She tells us the story of the frigate with a great deal of details. She was an escort ship for the merchant navy, then a tool for promoting American interests around the world, and now a museum. Many times, she was bound for destruction, and many times she was rescued. She is now docked in Charlestown. She is the world's oldest actively commissionned military ship still afloat.

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USS Constitution gun battery

USS Constitution gun battery

 

The frigate has 44 guns, on a single deck. Headroom is already short. At the deck below, we will need to bend our heads.

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USS Constitution, sailors' sleeping quarters

USS Constitution, sailors' sleeping quarters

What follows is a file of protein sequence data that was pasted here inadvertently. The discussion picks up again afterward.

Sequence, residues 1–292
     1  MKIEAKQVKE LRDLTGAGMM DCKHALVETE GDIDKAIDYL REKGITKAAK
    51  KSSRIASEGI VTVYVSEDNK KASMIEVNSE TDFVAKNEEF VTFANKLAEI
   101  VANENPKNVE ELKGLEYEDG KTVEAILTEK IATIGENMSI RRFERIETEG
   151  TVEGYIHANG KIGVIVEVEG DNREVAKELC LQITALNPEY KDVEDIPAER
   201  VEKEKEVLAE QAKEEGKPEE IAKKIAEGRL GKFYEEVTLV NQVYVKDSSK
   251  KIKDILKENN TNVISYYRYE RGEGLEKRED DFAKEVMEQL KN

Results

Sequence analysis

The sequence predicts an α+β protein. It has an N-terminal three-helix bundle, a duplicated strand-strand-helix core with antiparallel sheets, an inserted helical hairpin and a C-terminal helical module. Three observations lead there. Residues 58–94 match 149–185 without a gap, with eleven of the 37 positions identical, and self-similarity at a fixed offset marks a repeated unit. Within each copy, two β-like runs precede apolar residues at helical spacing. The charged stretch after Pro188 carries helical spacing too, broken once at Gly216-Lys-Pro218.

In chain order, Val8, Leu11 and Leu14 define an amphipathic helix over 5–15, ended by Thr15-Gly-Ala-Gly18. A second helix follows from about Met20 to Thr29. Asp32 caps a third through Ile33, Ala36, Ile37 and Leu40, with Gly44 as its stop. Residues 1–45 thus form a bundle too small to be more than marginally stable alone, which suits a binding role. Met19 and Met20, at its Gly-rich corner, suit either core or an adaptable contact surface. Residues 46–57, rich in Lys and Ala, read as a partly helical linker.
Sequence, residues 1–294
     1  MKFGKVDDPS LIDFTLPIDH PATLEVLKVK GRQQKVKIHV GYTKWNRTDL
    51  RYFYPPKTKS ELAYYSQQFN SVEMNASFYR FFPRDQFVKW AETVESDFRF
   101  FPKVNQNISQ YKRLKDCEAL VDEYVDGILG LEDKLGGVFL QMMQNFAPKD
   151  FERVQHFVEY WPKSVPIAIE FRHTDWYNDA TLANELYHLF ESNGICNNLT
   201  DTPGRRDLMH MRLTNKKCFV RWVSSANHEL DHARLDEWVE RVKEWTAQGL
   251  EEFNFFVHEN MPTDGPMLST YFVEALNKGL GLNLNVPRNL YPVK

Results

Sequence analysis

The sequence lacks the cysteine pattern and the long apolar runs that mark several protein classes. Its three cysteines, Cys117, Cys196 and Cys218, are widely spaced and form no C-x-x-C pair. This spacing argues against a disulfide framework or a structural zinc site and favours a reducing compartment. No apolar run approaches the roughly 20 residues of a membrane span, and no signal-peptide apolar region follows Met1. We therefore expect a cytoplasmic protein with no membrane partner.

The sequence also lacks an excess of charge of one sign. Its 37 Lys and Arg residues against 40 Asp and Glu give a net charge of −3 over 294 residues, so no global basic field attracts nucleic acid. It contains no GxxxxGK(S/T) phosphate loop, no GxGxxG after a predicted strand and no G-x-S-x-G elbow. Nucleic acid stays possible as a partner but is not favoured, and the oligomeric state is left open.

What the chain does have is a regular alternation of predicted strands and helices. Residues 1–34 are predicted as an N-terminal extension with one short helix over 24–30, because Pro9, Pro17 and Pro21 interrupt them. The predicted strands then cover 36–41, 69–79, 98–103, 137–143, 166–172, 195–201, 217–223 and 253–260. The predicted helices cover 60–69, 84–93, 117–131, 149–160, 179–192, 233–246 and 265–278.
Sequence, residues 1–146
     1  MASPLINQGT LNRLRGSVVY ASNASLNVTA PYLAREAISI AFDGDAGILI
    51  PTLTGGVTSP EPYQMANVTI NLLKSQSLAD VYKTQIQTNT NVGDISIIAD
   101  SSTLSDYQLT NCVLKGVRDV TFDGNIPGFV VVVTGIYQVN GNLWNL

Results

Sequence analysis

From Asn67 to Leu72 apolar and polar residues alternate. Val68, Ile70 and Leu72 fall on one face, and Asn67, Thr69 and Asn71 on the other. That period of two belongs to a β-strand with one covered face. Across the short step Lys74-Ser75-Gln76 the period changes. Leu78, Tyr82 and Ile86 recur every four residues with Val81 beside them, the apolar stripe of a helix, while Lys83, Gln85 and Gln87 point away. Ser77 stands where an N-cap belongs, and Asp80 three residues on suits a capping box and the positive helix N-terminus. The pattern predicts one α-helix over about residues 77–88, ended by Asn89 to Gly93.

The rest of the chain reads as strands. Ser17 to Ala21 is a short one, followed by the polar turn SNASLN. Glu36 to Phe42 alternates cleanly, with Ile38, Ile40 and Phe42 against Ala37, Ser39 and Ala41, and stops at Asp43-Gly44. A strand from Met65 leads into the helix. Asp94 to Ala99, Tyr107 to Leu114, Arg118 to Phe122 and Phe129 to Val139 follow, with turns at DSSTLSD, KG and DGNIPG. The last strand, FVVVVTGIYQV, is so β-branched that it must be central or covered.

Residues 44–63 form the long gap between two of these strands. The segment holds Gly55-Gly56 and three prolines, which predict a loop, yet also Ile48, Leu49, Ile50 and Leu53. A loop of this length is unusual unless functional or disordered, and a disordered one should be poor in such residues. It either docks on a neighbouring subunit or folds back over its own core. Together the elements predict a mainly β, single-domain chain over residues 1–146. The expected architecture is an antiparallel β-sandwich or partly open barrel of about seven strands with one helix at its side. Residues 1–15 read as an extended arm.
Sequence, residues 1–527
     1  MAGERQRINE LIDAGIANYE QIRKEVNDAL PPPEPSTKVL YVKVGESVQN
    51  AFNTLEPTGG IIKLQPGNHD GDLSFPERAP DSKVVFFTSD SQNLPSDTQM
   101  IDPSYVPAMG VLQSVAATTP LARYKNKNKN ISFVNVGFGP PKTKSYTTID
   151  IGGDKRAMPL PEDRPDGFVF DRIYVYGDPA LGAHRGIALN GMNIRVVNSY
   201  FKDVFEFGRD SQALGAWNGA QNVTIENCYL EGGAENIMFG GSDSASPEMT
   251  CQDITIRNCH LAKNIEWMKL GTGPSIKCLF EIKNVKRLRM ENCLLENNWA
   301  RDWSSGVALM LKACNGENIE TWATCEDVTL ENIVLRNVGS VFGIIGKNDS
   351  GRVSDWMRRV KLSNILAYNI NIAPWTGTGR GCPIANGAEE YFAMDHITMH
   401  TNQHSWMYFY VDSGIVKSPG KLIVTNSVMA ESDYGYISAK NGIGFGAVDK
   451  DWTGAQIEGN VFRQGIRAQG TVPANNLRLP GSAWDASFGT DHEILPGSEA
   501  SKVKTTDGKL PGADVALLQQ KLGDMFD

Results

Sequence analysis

The lower deck is the crew's sleeping quarters. As you can see, there are neither beds nor bunks. The men sleep on hammocks, that they extend when it is their turn to have a rest. Privacy is unheard of, as is hygiene.

 

Life on board must have been really tough.

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USS Constitution, officers' work room

USS Constitution, officers' work room

 

Toward the end of this deck are the officers' quarters, slightly larger and a little more comfortable. In the middle, we can see the tables where they worked and the chairs on which they sat. They slept in the cabins on the side, closed by sliding doors.

 

At the end of the deck is the captain's suite, larger and better decorated.

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Salem graveyard

Salem graveyard

 

We now leave Boston for Salem, about 20 miles away. We cross dull industrial suburbs and finally reach the city of the famous witches, sacrificial victims in a collective mass hysteria gone absolutely wrong.

 

Instead of witches, we mostly see shops, all thriving on the business opportunity. We are disappointed, we expected a little less business and more history. Although the trials themselves were more than questionable, they have now become part of history, and this heritage represents the excesses of their times.